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Unformatted text preview: tention. A rockfall occurs, catching the first of a group of potholers who are making their way out of a cave, in which water is rising rapidly. The man caught in the rocks is not seriously injured and may expect to be rescued in a day or two by search parties. Those behind him, however, will be drowned in a few hours by the rising water unless they make a passage through the fallen rocks. They can do so, but only by blasting the rocks away with the explosives they have with them, which will cause the death of the man caught in the rocks. Of this case, Kai Nielsen has written as follows.* "If there really is no other way of unsticking our . . . man, and if plainly, without blasting him out, everyone in the cave will drown, then, innocent or not, he should be blasted out. This . . . does not reveal a callousness toward life, for the people involved are caught in a desperate situation in which, if such extreme action is not taken, many lives will be lost and far greater misery will obtain .... Surely we must choose between evils here, but is there anything more reasonable, more morally appropriate, than choosing the lesser evil when doing or allowing some evil cannot be avoided?" Nielsen's argument is twofold: first, that since it is evident that in this case the stuck potholer ought to be blasted out, and since that is incompatible with the traditional moral doctrine that no (materially) innocent person may be killed under any circumstances, the traditional doctrine must be repudiated; and second, that the true moral doctrine is plain from the case, namely, that whenever a certain number of human lives can be saved, but only by taking a smaller number of such lives, the lesser evil is to be chosen and the smaller number taken. SLHS Value File Courts have recognized necessity defenses in a wide range of cases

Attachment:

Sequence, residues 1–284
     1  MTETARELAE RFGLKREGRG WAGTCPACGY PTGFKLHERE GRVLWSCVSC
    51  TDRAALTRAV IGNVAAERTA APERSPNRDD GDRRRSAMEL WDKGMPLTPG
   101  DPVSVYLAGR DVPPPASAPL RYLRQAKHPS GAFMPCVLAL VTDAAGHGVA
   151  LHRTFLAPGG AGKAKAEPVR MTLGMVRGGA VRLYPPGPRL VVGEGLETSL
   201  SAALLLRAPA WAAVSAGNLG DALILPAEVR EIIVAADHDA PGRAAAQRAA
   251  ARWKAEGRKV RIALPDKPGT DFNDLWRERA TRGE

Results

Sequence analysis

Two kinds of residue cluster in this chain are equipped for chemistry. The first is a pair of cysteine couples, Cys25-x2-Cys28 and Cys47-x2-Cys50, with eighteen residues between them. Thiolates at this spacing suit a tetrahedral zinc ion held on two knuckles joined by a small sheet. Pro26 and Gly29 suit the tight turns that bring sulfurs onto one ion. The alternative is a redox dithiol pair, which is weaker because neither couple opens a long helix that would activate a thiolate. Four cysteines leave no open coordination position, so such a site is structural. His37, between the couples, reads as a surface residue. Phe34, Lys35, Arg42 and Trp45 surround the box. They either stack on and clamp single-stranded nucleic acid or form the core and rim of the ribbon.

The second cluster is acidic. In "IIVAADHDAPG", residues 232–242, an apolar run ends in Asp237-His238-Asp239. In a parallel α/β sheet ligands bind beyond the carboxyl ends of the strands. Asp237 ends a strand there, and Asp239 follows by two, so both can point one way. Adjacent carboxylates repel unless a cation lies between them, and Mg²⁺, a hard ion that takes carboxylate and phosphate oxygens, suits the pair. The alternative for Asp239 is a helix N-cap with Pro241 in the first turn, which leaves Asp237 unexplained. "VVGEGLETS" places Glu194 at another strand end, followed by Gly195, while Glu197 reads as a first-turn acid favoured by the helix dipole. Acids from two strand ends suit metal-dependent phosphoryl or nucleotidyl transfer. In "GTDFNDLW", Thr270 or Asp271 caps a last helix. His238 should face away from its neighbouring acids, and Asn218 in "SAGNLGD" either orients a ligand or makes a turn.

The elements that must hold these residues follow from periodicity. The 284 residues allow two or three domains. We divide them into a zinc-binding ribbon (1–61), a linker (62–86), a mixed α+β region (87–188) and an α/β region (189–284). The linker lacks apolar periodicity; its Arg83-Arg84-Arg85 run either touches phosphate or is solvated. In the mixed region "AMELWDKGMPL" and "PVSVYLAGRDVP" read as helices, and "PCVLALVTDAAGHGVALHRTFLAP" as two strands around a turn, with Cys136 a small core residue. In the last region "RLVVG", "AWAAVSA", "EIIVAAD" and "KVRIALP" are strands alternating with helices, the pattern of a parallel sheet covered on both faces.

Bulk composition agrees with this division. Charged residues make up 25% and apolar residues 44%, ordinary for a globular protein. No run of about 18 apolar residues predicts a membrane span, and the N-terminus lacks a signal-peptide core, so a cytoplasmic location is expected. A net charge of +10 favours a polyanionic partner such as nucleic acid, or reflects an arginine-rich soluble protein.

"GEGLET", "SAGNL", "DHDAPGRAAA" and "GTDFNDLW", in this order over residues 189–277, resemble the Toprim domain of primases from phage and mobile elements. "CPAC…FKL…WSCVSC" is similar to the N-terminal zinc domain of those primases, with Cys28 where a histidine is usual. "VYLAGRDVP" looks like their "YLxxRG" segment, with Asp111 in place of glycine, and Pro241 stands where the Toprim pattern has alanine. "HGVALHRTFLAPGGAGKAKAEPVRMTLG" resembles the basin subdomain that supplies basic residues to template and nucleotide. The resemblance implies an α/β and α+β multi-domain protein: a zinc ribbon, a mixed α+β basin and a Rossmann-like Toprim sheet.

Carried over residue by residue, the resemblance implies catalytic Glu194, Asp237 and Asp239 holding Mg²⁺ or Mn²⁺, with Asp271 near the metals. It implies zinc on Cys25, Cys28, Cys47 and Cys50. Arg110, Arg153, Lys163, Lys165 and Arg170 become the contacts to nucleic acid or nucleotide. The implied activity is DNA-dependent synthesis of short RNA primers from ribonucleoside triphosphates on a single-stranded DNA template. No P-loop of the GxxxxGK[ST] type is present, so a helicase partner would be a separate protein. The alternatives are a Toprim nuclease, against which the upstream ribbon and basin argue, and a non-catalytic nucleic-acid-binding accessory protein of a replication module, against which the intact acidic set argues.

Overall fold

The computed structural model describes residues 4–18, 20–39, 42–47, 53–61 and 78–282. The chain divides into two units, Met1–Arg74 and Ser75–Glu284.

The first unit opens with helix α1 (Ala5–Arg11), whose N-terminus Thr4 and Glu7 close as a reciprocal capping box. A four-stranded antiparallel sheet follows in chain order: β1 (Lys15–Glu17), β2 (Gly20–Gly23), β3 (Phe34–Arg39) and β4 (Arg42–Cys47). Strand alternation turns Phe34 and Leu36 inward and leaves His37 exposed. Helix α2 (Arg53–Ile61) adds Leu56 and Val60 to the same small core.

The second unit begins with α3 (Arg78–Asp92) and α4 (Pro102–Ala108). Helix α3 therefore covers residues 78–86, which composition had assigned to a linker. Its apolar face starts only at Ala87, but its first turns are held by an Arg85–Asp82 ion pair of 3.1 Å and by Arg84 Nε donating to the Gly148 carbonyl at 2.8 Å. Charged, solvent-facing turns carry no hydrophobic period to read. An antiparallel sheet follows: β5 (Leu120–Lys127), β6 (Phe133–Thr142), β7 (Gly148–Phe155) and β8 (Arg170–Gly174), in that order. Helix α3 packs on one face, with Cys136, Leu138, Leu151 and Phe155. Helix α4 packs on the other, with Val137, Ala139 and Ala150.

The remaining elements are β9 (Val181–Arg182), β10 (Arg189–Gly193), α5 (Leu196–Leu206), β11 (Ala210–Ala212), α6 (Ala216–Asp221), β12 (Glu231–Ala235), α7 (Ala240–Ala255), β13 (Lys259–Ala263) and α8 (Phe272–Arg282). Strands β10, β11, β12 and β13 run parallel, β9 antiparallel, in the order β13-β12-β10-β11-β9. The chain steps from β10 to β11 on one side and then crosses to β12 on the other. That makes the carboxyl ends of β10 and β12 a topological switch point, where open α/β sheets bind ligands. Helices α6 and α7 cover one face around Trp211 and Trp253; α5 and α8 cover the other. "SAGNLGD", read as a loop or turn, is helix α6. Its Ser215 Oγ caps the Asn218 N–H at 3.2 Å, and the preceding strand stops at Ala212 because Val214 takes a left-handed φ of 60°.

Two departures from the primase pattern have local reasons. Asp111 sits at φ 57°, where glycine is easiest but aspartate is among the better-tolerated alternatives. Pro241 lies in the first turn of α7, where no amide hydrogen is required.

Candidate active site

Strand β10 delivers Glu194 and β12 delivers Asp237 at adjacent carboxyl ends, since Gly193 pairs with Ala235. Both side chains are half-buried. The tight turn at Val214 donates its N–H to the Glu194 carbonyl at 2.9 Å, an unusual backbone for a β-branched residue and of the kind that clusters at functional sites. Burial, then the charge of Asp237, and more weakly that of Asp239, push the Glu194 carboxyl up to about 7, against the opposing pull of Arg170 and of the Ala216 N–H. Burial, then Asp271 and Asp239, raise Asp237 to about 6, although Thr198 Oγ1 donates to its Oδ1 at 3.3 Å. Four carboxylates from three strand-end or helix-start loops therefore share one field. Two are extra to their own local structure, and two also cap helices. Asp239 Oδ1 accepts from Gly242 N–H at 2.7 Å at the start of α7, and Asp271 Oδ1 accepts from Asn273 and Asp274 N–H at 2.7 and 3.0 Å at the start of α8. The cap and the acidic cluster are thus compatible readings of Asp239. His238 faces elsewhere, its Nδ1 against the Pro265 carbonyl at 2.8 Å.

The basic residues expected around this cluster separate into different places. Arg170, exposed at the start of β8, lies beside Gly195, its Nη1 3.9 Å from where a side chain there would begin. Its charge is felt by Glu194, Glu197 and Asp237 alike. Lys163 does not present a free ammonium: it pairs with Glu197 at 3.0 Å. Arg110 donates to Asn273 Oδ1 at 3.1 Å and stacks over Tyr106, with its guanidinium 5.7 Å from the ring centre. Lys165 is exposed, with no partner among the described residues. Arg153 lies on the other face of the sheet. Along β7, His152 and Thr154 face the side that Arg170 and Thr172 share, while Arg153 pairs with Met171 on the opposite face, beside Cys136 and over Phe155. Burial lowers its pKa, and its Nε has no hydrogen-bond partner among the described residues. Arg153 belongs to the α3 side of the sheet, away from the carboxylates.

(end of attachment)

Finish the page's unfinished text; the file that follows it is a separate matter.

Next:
John Alan Cohan, STETSON LAW REVIEW, Spring 2006, p. 906 English and American courts have long recognized the defense of necessity. Historically, courts have applied...
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- Fall '13